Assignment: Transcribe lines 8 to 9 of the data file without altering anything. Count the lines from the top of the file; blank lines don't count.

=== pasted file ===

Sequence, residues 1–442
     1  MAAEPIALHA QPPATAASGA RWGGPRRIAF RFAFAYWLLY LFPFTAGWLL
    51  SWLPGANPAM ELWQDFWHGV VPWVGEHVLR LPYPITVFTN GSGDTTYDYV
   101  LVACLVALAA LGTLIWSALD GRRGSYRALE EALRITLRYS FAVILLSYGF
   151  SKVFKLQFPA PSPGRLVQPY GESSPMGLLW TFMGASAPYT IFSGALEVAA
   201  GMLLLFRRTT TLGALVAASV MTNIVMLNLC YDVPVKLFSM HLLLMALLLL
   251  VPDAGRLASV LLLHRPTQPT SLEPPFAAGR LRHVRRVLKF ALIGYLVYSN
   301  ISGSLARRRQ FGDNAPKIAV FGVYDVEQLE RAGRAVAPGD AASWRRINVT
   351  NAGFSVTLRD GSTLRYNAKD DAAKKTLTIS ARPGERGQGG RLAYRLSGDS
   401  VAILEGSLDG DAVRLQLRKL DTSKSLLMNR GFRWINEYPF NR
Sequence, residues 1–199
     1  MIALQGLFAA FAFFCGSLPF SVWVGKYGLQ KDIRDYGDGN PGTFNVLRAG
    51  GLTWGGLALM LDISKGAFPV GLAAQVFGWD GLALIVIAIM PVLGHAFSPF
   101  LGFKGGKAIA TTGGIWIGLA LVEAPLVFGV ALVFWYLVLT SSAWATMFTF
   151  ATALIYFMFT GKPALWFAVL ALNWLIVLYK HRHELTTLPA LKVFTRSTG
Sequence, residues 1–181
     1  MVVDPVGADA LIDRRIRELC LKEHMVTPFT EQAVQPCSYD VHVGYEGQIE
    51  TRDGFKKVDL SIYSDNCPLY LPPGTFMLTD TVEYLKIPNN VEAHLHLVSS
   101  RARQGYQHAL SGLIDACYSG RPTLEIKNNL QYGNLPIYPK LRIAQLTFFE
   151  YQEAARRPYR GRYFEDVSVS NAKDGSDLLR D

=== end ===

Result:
   301  ISGSLARRRQ FGDNAPKIAV FGVYDVEQLE RAGRAVAPGD AASWRRINVT
   351  NAGFSVTLRD GSTLRYNAKD DAAKKTLTIS ARPGERGQGG RLAYRLSGDS